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  • Date :
  • 12/28/2008

Healthy Skin

hand cream

A balance of oil and moisture is crucial for healthy skin.

Skin glands secrete oil, which lubricates the surface of the skin. Moisture is the water carried to skin cells through the bloodstream. The water present in skin cells keeps them youthful-looking and healthy.

According to Press tv, skin cells need sufficient amounts of water along with enough oil to act as a shield and prevent the excess evaporation of moisture from the top layers of the skin.

There are two types of dry skin--simple dry skin results from a lack of natural oils and is common among women under the age of 35; complex dry skin results from the lack of both oil and moisture, and is usually associated with aging.

Characterized by fine lines, brown spots, discolorations, enlarged pores and sagging skin, complex dry skin may also stem from the damage caused by prolonged sun exposure to skin proteins--elastin, collagen and keratin.  

Dry skin tends to be dull-looking and flaky, and readily develops fine lines and wrinkles. Unless some type of moisturizer or skin cream is applied, it usually feels tight and uncomfortable after washing.

This is most common in areas of the body that are exposed, such as the face and hands. Chapping and cracking, especially in winter, are signs of extremely dry and dehydrated skin.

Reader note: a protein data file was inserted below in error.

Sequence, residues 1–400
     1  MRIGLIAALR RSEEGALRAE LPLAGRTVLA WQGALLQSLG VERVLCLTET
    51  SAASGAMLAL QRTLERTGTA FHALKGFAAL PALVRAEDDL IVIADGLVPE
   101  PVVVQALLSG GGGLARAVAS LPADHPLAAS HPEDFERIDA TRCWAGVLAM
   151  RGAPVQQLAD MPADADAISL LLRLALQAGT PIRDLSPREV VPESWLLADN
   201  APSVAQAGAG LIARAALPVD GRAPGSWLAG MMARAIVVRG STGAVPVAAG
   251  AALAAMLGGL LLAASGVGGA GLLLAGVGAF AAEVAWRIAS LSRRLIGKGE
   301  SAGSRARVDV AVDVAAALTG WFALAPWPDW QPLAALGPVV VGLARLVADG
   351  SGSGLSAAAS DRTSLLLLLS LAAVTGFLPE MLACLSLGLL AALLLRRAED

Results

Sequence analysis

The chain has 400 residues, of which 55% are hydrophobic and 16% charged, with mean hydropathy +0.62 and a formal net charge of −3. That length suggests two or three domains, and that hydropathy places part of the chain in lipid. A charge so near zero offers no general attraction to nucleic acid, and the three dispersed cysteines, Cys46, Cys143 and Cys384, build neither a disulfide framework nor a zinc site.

Poor nutrition, cosmetics, excessive bathing with harsh soaps and environmental factors--including exposure to sun, wind and cold--as well as chemicals can cause or aggravate dry skin. Vitamin A and B deficiencies can also contribute to the condition.



What to Do

A balanced diet that includes fruits, grains, seeds, nuts and vegetables--especially yellow and orange vegetables as they are high in beta-carotene, a precursor of vitamin A--can help prevent dry skin.

Include cod liver oil--a good source for vitamins A and D--in your diet. Vitamin A deficiency can cause the skin on the hands and feet to become scaly.

Sulfur helps keep the skin smooth and youthful; therefore, include in your diet plenty of sulfur-rich foods, such as onions, garlic, eggs and asparagus.

To keep the skin hydrated, drink approximately 2 liters of water every day.

Try to avoid indulging in soft drinks, or eating sugar, chocolate, potato chips and other junk foods. Avoid fried foods and animal fats.  

Avoid caffeine as it has a diuretic effect and causes the body to lose fluids and essential minerals.

Same with smoking and secondhand smoke. Nicotine constricts blood vessels, depriving the skin of the oxygen and nutrients it needs for good health.

Smoking also involves the repetition of certain facial expressions, which eventually turn into permanent wrinkles around the mouth. Smoking can also result in leathery skin.

Sun exposure can damage the skin and cause dryness, wrinkles, rashes and blisters. Stay out of the sun as much as possible. Always use a good sunscreen on all areas exposed to the sun.


Herbal Tips

Cocoa butter is a good skin cream that can help reduce wrinkles.

Coconut oil softens the skin and prevents wrinkles and other signs of aging.

Grape seed oil has regenerative properties and helps control skin moisture. It is good for severe dry skin and reputedly reduces stretch marks.

other links:

Dry Skin? Don’t Let Winter Win

Why Do I Need to Wash My Hands?

What Are Wrinkles?

Top 5 habits for healthy skin

Tea May Lower Skin Cancer Risk

Importance of Coconut: Alternative Medicine

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